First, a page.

Climate Change and Agriculture

Fighting Climate Change

Hand and crop

While climate change affects us all, farmers are especially attuned to the impact of increasingly extreme weather conditions including drought, severe heat, flooding, or other shifting climatic trends. Together, these various challenges make it more difficult for farmers to cultivate their crops, ensure their livelihoods and support the global food system we all rely on. That’s why Bayer is devoted to decarbonizing agriculture by developing new solutions that help farmers withstand the impacts and address the causes of climate change. 

At Bayer, we’re working to scale the adoption of regenerative agriculture practices by our farming customers, using technologies including: high-yielding crop genetics, crop protection products, precision irrigation systems, soil management tactics through no-till and cover crops, crop rotation, root health, fertilization management, microorganisms and inoculants, a switch to direct seeded rice, and digital and precision farming tools. Combining different practices can lead to profitable, tailored solutions for our farming customers. We also have the products, partner relationships, technology and talent to help companies across the agriculture supply chain reduce their carbon footprints.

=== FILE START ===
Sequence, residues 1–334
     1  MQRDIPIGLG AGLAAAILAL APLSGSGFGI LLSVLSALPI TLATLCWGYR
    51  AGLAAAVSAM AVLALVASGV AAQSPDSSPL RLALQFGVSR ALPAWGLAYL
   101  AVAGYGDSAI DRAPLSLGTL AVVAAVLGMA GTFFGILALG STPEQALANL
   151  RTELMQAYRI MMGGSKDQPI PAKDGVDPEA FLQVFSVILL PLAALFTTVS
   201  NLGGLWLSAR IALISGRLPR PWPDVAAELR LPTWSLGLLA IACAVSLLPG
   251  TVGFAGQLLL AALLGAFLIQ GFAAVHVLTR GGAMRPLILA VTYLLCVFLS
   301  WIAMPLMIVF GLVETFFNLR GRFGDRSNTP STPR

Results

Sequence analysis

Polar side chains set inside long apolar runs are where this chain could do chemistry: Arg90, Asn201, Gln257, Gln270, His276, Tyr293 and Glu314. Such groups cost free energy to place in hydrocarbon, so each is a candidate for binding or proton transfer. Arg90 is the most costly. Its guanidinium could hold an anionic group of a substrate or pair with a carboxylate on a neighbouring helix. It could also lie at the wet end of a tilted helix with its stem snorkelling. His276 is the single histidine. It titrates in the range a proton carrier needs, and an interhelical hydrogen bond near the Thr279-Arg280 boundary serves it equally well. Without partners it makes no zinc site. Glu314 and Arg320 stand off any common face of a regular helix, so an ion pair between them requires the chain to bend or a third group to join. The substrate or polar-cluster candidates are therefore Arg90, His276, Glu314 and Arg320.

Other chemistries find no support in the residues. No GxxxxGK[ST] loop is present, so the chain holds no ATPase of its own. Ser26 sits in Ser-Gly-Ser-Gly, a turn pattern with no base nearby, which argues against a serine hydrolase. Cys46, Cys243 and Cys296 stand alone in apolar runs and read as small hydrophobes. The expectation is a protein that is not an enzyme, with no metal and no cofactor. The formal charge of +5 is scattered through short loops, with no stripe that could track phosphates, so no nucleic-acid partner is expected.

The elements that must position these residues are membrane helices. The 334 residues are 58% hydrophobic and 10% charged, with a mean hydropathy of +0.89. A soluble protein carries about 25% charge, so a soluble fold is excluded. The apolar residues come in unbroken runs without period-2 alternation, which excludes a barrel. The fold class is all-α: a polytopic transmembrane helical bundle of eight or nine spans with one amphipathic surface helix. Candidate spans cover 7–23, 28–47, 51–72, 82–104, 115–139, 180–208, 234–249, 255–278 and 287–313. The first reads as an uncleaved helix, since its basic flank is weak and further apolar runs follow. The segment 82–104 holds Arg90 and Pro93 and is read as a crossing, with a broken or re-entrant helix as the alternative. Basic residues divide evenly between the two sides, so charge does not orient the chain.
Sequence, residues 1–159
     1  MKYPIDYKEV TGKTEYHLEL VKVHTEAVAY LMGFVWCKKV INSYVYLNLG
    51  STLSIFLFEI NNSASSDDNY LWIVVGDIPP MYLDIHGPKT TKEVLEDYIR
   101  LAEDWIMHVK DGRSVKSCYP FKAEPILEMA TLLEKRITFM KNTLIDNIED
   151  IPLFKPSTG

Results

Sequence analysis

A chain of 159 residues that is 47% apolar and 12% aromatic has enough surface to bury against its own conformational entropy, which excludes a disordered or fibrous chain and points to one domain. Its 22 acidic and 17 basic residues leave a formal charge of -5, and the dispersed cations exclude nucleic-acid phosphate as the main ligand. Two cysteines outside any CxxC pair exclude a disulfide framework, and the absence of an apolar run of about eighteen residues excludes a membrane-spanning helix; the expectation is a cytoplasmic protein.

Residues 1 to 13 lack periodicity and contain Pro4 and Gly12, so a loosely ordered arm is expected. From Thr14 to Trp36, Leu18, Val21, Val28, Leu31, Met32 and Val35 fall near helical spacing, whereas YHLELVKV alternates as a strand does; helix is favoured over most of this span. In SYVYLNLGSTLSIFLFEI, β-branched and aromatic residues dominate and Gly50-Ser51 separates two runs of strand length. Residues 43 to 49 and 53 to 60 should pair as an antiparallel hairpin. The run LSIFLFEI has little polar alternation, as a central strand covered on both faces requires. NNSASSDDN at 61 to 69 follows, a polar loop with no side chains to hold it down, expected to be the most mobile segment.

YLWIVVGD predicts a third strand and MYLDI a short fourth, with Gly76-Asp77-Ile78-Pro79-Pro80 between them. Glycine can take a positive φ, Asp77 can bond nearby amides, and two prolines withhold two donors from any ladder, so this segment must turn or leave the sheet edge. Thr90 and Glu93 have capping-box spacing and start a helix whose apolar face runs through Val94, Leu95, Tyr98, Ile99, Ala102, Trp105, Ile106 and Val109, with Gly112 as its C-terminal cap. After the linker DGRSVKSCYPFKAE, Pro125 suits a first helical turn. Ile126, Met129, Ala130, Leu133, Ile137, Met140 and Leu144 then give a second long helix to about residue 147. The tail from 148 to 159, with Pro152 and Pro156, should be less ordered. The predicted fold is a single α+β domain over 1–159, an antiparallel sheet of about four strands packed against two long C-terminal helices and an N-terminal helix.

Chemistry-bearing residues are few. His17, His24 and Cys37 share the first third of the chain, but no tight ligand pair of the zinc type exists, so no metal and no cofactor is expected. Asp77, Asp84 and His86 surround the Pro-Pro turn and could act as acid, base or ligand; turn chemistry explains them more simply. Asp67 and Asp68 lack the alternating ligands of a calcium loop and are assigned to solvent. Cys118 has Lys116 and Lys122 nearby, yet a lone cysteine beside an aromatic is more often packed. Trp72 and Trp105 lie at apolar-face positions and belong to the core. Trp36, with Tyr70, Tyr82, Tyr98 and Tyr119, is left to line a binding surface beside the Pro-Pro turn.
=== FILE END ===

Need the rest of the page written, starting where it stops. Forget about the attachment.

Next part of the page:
By 2030, we aim to enable our farming customers to reduce their on-field greenhouse gas emissions per mass unit of crop produced by 30% compared to the overall base year emission intensity1. This applies to the highest greenhouse gas emitting crop systems in the regions Bayer serves with its products.2 

To tackle such an ambitious goal, we’re focusing our efforts where we can make the biggest impact, working collaboratively with growers and partners across the value chain to reduce the GHG emissions of crops grown in the field and even help farmers sequester carbon and generate revenue from the practice.


Recognizing that farmers are our single greatest asset for generating soil carbon, we have created new business models that will help to ensure their participation far and wide. Our global approach is designed to reach farms of all sizes. After all, we know that no matter how many hectares they manage, all farmers should reap the benefits of removing carbon from the atmosphere.